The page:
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Re: Dakota the Dinosaur Mummy
It is quite possible that the researchers have well preserved ligament
structure which could lead to an up estimation for maximum speed. Muscle
mass isn't always reliable (after all who can say at what endurance scale
hadrosaurs were optomised for? Tyrrannosaurids would have been fairly
effecient walkers and you can often out walk prey that you can't out run)
But, as the specimen isn't published, we're going off of National
Geographic... which isn't a good thing. Basically, most of us don't know
what is going on.
What concerns me more is the assertion that webbing on the hand (more like
syndacty) would lead to improved swimming and ease the consumption of
(Ottawa Paleontology Club)
----- Original Message -----
From: "franklin e. bliss" <email@example.com>
Sent: Sunday, December 02, 2007 7:23 PM
Subject: Dakota the Dinosaur Mummy
Delurking for a moment.
None of the posted links seem to work for me so speaking from only the
posts so far......
How does a "big ass" translate into the animal moved more quickly?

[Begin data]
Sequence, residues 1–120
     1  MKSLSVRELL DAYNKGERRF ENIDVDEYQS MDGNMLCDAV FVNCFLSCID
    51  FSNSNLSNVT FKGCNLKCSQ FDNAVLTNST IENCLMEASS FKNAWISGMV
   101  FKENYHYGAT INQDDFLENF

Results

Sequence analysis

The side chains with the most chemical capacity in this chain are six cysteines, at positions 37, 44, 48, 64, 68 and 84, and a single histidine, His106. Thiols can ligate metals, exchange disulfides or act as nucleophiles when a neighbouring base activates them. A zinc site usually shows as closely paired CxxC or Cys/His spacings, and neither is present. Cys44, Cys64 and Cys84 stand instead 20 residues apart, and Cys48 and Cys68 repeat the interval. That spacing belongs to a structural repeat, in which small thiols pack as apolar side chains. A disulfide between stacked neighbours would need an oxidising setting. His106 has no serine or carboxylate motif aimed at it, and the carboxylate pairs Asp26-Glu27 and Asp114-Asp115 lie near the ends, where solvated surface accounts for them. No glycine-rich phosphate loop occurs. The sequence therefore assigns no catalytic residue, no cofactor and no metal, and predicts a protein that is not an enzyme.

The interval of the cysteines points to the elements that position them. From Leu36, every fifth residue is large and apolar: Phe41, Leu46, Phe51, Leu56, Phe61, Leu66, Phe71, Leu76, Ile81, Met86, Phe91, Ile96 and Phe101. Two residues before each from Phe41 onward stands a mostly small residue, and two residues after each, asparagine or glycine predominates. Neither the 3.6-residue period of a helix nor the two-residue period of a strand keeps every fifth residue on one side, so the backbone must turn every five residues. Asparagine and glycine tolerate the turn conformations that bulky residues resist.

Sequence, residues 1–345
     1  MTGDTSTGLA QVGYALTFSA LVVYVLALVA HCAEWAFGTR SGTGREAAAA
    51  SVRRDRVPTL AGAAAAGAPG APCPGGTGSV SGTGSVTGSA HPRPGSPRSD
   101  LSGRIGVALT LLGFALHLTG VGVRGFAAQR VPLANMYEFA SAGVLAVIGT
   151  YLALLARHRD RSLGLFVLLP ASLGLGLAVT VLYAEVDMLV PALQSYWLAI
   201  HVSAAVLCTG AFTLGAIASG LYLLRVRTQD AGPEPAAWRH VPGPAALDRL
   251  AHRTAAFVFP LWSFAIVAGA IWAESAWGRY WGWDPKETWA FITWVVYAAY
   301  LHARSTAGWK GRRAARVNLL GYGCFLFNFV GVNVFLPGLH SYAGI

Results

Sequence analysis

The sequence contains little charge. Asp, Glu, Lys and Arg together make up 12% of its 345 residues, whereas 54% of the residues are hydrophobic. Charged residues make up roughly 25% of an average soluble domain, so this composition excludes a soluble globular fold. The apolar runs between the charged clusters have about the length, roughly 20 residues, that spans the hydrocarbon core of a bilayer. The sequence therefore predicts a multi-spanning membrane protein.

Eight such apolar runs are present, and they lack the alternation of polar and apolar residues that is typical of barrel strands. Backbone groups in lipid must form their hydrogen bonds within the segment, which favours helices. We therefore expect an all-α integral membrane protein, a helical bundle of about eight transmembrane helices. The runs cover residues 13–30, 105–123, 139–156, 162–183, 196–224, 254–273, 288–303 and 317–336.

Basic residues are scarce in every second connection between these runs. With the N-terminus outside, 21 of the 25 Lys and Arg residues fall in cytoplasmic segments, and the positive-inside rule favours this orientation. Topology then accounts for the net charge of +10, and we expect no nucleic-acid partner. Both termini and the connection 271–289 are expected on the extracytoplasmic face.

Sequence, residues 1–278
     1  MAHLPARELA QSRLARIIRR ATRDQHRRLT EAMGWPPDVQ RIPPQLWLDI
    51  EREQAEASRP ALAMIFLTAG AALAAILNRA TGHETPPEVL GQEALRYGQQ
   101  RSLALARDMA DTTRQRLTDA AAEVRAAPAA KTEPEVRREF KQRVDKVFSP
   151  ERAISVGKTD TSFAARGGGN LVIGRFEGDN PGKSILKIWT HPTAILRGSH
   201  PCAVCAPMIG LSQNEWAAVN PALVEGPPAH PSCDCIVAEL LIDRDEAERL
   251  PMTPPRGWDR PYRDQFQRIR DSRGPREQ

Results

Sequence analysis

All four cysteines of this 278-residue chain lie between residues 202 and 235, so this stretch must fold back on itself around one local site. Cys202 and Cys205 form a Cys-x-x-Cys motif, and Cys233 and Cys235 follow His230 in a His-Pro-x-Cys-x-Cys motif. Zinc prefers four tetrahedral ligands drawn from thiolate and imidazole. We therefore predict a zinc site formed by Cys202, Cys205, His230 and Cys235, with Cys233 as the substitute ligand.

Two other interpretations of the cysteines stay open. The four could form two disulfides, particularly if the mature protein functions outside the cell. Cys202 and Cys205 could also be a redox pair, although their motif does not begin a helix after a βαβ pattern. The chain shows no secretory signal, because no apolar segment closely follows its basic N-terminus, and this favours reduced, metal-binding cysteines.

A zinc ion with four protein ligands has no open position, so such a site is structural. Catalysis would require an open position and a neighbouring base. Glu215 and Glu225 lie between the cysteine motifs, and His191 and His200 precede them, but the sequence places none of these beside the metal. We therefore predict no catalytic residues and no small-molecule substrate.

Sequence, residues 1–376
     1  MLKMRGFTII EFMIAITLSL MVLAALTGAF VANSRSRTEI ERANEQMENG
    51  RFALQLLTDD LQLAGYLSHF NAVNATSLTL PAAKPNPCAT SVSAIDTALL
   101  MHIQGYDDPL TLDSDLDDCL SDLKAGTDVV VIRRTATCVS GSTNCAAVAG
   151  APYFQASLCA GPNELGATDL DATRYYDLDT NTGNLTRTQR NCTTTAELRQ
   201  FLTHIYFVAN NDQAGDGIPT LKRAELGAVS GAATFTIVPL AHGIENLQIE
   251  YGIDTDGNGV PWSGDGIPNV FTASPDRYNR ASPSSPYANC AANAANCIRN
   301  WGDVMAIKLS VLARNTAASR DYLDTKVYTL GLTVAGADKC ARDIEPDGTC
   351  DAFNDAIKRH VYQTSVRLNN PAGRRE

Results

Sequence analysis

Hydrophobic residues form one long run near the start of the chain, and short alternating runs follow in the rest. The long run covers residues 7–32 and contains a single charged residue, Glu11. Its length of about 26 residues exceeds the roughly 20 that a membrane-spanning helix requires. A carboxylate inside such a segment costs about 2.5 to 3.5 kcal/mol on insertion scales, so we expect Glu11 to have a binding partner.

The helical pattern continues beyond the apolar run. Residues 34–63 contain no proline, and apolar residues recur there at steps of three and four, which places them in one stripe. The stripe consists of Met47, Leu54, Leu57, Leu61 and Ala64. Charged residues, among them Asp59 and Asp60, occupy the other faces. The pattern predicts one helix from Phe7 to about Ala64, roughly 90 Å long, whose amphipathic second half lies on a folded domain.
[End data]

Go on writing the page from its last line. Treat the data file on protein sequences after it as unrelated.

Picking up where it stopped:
Besides, filling a skin capsule could be with fat or fat marbling muscle
instead of pure muscle. Iguanas et al use their hind ends/ tails to store
fat for instance. I ask, is there a likely possibility other than the
obvious inverse relationship that one would expect (that adding mass
decreases speed)? Having a "big ass" certainly could lower the center of
gravity but that doesn't make a Ferrari out of a LandCruiser. The
biggest horses are not the fastest ones by any means. That is why the
Clydesdales pull beer wagons and don't go out jogging at the race track
every day. I'll place my wager on the T-rex (assuming they were hunters
and not just overgrown vultures) against the "fat ass" (ed) hadrosaur any
day and take odds on the bet.
Frank (Rooster) Bliss
On Dec 2, 2007, at 1:38 PM, MKIRKALDY@aol.com wrote:
In a message dated 12/2/2007 3:16:07 P.M. Eastern Standard Time,
<I suspect this is an embargo break of a story the National Geographic
Society has embargoed until closer to the time the television show
Agencies may distribute the news earlier, but papers are supposed to
Possibly--there's more of the story on the National Geographic website:
"Based on the dimensions of Dakota’s skin capsule, paleontologists have
calculated that the duckbill’s posterior was 25 percent more massive
expected. Manning puts it a bit crudely: 'This animal had a big ass.' "
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